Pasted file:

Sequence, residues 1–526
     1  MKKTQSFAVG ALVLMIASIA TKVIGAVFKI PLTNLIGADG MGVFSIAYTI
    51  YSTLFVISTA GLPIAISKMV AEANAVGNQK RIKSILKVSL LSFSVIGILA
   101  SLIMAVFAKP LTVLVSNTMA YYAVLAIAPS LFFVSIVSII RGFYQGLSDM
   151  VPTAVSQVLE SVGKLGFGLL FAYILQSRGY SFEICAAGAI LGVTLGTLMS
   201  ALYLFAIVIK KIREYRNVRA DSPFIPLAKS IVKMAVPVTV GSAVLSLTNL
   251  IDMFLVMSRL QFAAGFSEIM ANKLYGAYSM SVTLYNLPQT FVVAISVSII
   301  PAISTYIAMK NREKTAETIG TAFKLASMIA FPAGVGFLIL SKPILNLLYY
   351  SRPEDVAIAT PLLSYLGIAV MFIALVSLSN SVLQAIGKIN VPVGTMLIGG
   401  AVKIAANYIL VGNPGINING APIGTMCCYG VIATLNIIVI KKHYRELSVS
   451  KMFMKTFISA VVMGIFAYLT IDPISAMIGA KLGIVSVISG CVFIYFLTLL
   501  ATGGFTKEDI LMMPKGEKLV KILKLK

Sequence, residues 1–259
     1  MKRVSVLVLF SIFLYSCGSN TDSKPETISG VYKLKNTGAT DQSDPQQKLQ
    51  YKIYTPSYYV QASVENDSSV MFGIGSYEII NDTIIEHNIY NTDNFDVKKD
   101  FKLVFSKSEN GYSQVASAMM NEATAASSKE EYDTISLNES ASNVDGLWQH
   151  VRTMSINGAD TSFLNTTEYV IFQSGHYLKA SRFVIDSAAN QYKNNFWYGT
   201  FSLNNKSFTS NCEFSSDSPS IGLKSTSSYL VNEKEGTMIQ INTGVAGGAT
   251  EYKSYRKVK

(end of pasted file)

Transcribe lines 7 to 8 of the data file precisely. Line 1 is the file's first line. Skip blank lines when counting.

   251  IDMFLVMSRL QFAAGFSEIM ANKLYGAYSM SVTLYNLPQT FVVAISVSII
   301  PAISTYIAMK NREKTAETIG TAFKLASMIA FPAGVGFLIL SKPILNLLYY